Let them who already eat the Flesh of the Lord and drink His Blood, think what it is they eat and drink, lest, as the Apostle says, “They eat and drink judgment to themselves.” (St. Augustine, Sermon LXXXII, 1)

      4. @Paul Inwood – comment #49:
        The common focus should be the altar, the primary symbol of Christ in our midst.

        Do Catholics generally recognize that the altar is a symbol of Christ? We speak of Christ as the “priest, victim, and altar” of sacrifice, but the altar is really the hardest of all three of those “roles” to associate with Christ (in my opinion).

      5. @Jeffrey Pinyan – comment #57:
        Of course if you carry Paul’s logic to its conclusion, why do we need even the Most Holy Eucharist on the altar? Is it redundant to have the consecrated Bread and Wine on the altar? Or the Book of the Gospels? or the Roman Missal, altar clothes, corporals and the like? Of course not, and the adornments of the altar are an extension of it and primary would be the candles and crucifix before the bread and wine are there and even the priest before he approaches it. Of course, when the Mass is actually ad orientem, which is preferable, the candles and crucifix do not need to be on the altar-table itself but on a reredos, even a detached reredos. The blah look and minimalist’s approach of the stripped down sanctuary and altar, supposedly to emphasize what is essential, should be laid to rest and evidently it is being laid to rest and we can thank God for that.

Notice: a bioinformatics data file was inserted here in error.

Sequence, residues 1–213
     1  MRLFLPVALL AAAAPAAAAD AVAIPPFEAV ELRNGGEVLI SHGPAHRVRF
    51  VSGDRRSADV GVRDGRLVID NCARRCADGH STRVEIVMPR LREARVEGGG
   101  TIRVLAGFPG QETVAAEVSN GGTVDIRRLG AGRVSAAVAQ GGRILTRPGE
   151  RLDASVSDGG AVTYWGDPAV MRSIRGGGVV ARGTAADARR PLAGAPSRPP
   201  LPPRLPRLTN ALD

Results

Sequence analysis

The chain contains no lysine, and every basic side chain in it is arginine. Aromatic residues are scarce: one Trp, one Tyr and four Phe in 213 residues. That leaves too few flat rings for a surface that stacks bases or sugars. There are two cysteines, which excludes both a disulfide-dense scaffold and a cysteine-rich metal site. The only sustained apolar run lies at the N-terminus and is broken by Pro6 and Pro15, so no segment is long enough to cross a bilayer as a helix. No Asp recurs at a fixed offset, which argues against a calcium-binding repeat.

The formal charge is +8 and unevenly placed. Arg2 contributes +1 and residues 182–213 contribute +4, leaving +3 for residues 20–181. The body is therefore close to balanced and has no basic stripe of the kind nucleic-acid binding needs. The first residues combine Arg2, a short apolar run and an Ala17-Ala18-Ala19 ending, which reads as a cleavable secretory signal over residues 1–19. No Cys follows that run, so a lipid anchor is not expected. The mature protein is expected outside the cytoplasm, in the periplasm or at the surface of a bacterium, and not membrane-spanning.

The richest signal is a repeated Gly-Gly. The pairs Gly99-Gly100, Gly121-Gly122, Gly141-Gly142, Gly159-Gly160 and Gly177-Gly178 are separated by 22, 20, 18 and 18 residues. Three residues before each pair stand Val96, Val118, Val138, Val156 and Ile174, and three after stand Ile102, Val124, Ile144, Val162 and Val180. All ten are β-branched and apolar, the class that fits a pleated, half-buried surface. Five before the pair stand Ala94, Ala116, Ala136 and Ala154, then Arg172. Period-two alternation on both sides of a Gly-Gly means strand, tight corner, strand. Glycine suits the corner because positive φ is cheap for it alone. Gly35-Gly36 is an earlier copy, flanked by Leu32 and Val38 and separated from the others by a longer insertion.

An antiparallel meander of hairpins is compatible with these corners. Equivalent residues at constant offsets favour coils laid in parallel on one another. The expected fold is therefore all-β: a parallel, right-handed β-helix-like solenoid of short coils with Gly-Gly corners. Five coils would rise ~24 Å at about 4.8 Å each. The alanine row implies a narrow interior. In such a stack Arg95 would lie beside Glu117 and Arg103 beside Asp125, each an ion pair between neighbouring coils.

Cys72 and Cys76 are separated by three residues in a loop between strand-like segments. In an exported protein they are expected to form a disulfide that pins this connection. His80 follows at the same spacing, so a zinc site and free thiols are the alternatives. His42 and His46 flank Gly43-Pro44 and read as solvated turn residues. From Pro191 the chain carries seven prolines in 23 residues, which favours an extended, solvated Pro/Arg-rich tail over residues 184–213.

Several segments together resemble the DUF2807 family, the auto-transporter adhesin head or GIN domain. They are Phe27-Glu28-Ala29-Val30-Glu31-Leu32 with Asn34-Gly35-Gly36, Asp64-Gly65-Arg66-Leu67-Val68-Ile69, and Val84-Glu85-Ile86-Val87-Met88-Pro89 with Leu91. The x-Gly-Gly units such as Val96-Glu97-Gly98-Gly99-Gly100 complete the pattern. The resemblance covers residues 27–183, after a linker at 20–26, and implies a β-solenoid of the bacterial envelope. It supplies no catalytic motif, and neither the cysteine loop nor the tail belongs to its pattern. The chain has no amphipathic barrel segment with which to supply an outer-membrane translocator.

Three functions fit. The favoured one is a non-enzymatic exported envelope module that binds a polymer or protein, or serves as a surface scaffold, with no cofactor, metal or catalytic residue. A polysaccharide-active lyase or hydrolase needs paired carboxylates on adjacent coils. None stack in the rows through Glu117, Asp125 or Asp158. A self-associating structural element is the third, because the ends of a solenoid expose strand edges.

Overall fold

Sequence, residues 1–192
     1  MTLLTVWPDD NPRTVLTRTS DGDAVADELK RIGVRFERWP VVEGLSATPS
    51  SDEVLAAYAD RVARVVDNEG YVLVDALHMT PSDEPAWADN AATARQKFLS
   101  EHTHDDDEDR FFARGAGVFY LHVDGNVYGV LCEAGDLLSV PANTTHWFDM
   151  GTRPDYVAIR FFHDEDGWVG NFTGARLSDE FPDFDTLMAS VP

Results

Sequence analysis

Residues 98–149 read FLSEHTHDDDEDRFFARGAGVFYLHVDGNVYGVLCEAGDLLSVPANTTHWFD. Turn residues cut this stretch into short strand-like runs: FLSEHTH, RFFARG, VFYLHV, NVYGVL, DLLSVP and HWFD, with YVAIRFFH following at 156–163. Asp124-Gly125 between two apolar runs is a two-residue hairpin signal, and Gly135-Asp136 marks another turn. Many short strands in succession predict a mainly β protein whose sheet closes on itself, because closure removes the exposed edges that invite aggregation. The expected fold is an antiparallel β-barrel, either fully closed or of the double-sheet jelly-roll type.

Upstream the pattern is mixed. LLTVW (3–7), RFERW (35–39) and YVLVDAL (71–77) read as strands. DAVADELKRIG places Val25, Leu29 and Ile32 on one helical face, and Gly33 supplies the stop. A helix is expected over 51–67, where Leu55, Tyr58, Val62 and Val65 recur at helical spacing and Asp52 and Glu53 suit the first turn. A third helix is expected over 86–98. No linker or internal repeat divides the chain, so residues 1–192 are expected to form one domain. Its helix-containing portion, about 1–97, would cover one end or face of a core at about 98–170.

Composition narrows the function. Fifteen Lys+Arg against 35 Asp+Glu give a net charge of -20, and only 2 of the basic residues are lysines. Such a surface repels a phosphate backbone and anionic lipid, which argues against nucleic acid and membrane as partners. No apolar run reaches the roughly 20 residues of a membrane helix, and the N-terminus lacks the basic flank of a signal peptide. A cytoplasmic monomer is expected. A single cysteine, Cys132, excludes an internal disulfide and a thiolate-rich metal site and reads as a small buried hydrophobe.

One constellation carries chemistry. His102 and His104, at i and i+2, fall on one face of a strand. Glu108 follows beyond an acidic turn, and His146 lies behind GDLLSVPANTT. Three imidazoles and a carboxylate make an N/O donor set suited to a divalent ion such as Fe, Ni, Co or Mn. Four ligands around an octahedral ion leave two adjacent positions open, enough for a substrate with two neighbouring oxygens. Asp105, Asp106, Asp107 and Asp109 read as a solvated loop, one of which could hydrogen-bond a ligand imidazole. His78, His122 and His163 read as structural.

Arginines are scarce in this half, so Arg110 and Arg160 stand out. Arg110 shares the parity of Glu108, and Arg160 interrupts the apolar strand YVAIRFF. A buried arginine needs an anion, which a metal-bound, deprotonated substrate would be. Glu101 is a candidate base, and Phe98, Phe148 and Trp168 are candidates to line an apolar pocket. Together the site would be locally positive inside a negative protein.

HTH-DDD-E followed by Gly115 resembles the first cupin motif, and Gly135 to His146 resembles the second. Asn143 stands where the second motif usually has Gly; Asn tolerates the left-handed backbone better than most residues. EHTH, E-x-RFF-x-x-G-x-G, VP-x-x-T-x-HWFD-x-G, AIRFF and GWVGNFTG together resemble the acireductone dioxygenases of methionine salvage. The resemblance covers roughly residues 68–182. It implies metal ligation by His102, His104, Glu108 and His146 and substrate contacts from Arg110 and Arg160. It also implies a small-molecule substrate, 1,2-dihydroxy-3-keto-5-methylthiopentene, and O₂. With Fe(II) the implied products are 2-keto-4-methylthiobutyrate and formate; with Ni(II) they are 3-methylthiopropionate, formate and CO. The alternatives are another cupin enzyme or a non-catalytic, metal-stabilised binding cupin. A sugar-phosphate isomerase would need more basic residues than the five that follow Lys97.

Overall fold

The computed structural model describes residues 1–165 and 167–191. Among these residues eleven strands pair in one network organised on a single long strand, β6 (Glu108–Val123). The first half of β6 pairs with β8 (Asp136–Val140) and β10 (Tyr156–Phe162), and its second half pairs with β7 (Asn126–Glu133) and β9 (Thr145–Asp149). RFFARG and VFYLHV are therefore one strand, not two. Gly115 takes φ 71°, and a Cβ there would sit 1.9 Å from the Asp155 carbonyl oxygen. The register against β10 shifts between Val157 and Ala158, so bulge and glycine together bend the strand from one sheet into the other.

6. @Fr. Allan J. McDonald – comment #59:
        “….the adornments of the altar are an extension of it and primary would be the candles and crucifix before the bread and wine are there and even the priest before he approaches it. Of course, when the Mass is actually ad orientem, which is preferable…”
        Really, candles/crucifix are primary?

        What is disturbing is the focus on accidentals and the disconnect from any type of sacramental theology and ecclesiology which is what the *reformed liturgy* was based upon.

        Your inability to either accept or refuse to understand:

        “The blah look and minimalist’s approach of the stripped down sanctuary and altar, supposedly to emphasize what is essential, should be laid to rest”